Williams Meredith recently stepped out of his Kentucky home to see a drone hovering over his porch, videotaping his young daughters by the family pool. It wasn’t the first time one of these small flying devices had wandered over to take a look, but it had never gotten so close. So he did what any red-blooded American would do when confronted with a home invader – he blew it from the sky with a single shotgun blast.
The confrontation is another example of the rising use of unmanned aerial vehicles (UAVs), and a confirmation that neither laws or law enforcement have kept up. In recent months, drones have been used to smuggle drugs behind prison walls and enable paparazzi to crash celebrity weddings. Officials at power plants and other secure facilities report seeing these vehicles buzzing their perimeters, sparking concern they could be used by criminals or terrorists.
Those fears have opened up a new market for drone detection systems like those marketed by Dedrone, whose Drone Tracker device has been installed by a variety of companies with property to protect. Williams Meredith decided to get one to protect his home.
“This has happened before, and when the police come there is no evidence there was even a drone here – let alone where it was over my property,” he explains. “Now we have the capacity of being alerted when it gets here no matter where it is. We now have video and sound of it being here.”
Dealing with drones has been
For Meredith, the issue is protecting home and family and providing evidence to law enforcement. After shooting down the drone it was he (not the drone’s owner) who was arrested and charged with first degree criminal mischief and wanton endangerment for discharging a firearm.
Drones are so new that privacy and property protection laws haven’t caught up. The Federal Aviation Administration – after prodding by Congress – has recently begun to rewrite regulations and in preparation to issue permits for the commercial use of UAVs.
“They finally published [regulations] for comment at the beginning of this year, and they’ll be lucky if they get them passed and promulgated by some time in 2016,” says John Fry, a partner in the new drone practice group at Morris, Manning & Martin, LLP.
Meredith expects the charges against him to be dropped, and some experts agree that’s likely even in the absence of new laws. University of Miami law professor Michael Froomkin says it’s reasonable for a homeowner to assume that “robotic intrusions” are menacing and that you may have the right to “employ violent self-help.” That’s also the way Meredith looks at it.
Growing market for drone trackers
“There are very few products on the market today that are really addressing the security concerns with drones,” says Dedrone CEO Brian Edmunds. “Ours differs quite a bit from some of the others in that we have a multi-sensor approach to drone detection.”
It’s equipped with microphones for audio recording, video cameras and near-infrared sensors for image detection in low light. Using multiple parameters such as noise, shape, and movement patterns, it can detect all types of drones including silent gliders. The built-in camera saves images and videos in HD quality, providing the type of evidence of the threat intrusion that Meredith lacked in his drone encounter.
“Detection is really a big task because there are so many things flying in any area,” says Edmunds. “You have planes, helicopters, birds, leaves, and you have to be able to differentiate between the things that are safe and the drone that may be flying in your airspace.”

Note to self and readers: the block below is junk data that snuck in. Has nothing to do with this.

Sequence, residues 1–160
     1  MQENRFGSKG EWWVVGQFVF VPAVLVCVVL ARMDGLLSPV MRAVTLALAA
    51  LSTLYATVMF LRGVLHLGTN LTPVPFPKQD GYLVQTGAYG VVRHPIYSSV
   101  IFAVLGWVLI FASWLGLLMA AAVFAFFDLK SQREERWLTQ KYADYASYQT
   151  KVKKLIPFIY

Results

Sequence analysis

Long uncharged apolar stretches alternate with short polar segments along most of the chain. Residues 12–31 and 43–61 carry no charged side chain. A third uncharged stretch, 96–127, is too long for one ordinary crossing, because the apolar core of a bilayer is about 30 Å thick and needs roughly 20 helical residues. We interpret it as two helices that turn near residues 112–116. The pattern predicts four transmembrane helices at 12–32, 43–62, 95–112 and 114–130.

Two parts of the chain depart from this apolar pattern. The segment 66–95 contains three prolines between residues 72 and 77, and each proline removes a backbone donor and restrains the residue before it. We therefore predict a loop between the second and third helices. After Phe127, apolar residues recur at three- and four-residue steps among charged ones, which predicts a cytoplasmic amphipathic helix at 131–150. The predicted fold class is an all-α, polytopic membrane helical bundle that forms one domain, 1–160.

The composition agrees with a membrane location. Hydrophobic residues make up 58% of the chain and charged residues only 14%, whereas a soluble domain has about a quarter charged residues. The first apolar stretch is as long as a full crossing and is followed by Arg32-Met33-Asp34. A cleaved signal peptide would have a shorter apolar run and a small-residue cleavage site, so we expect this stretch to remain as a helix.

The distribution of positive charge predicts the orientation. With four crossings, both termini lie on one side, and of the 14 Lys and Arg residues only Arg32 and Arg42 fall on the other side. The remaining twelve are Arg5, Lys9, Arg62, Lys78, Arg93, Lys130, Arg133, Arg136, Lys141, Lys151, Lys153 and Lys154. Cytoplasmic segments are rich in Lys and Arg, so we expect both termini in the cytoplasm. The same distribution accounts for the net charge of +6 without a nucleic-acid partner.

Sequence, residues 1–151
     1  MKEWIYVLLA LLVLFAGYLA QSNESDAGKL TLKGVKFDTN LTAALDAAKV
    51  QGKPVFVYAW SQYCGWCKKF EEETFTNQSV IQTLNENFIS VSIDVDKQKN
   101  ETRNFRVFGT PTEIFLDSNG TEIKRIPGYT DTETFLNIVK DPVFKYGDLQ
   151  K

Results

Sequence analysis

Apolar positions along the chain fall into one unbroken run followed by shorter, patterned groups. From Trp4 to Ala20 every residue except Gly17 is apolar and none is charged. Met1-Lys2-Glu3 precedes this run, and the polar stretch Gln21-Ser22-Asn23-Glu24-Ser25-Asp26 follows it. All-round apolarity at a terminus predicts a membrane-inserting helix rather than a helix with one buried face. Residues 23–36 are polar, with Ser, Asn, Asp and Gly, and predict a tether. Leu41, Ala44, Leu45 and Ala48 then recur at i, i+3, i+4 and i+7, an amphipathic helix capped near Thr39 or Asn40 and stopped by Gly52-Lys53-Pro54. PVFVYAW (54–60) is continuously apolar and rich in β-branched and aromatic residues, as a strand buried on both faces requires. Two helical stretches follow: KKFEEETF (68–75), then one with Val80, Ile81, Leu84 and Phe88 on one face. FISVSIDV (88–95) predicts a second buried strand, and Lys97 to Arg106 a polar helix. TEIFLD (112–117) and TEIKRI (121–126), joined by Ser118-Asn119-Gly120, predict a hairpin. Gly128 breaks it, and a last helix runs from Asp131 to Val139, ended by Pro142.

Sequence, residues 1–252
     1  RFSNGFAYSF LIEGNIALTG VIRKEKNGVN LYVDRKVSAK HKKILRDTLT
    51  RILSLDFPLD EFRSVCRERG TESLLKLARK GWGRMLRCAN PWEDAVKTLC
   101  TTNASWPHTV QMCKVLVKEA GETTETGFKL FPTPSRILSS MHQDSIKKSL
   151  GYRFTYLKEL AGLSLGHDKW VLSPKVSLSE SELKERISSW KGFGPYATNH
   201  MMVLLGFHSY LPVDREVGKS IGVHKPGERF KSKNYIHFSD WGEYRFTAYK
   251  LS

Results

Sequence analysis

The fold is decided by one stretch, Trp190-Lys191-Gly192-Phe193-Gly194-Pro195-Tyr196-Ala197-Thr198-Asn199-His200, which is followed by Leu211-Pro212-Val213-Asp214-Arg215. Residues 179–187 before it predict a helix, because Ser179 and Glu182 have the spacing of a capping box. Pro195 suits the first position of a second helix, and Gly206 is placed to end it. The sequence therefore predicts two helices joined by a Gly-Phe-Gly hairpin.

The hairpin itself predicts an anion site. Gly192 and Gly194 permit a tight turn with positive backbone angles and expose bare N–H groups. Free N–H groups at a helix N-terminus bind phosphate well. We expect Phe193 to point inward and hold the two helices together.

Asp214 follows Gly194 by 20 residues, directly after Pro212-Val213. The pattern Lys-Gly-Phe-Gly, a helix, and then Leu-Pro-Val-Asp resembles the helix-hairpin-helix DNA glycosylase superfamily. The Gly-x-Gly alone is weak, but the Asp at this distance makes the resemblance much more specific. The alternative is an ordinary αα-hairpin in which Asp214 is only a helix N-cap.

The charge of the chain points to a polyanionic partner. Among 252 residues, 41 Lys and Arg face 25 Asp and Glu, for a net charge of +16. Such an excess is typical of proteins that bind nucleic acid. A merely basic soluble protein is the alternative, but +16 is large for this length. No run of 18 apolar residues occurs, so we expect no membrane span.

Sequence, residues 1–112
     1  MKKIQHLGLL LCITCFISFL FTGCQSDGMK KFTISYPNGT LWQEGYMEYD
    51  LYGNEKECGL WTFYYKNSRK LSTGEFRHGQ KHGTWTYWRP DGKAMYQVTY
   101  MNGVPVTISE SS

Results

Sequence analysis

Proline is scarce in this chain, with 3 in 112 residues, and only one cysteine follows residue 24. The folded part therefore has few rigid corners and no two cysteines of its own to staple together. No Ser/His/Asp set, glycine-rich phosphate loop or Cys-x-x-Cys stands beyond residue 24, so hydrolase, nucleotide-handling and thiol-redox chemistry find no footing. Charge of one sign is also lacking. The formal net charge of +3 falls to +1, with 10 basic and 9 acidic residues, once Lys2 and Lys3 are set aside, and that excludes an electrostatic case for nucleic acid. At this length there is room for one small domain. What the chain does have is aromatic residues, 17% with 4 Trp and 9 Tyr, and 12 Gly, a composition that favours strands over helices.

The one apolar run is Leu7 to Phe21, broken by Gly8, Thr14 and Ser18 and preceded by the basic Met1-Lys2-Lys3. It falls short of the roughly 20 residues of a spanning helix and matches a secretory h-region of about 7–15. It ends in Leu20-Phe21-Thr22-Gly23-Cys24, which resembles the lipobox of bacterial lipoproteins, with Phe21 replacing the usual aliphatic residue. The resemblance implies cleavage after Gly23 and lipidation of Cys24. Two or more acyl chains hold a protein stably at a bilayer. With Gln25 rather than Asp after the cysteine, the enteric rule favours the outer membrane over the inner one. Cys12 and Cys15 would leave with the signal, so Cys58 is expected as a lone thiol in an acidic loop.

Critical infrastructure such as gas
The system is programmed to distinguish these objects based on sound and unique flight patterns. Once confirmed, the system automatically sends a text or email alert to a smartphone or other device. It also starts recording video that is stored locally for later use.
As drones have multiplied, some have garnered headlines. Early this year, when a drunken intelligence agency employee crashed his drone on the White House lawn, inquiries coming into Dedrone ratcheted up as well.
“Right now we’ve been talking with prison facilities, private industry and individuals as well,” says Edmunds. “People are starting to see more and more that this is a threat and they want (Drone Tracker) for their own personal security.”
Critical infrastructure such as gas and electric generation companies and nuclear power plants are also deploying the system to guard their facilities against a threat that often goes undetected, he adds.
Lagging laws for UAVs
Dealing with drones has been complicated by laws and regulations that never considered the idea of small, relatively cheap unmanned remote controlled vehicles. The FAA has been writing drone regulations, but only for commercial use.
The FAA is issuing licenses – called 333 Exemptions – to companies such as Amazon.com, which wants to use the vehicles to deliver packages to customers. The agency has issued almost 2,000 of the exemptions so far this year.
“That’s a pretty dramatic increase in the allowance rate, but we still have one of the most significant aspects of drone operation, which is the airspace management and safety, still being managed by exemption,” observes Fry.
In the meantime, states are beginning to debate and pass legislation to protect privacy and property rights, according to Tony Roehl, another partner in the Morris, Manning & Martin, LLP drone group.
“We found that the U.S. is behind other countries that have addressed drones much more comprehensively at the national government level,” he explains. “That’s why you’re seeing a lot of innovation in drones coming from outside the United States.”
Meanwhile, business and individuals are taking matters into their own hands, deploying detection systems and even confronting drones head on.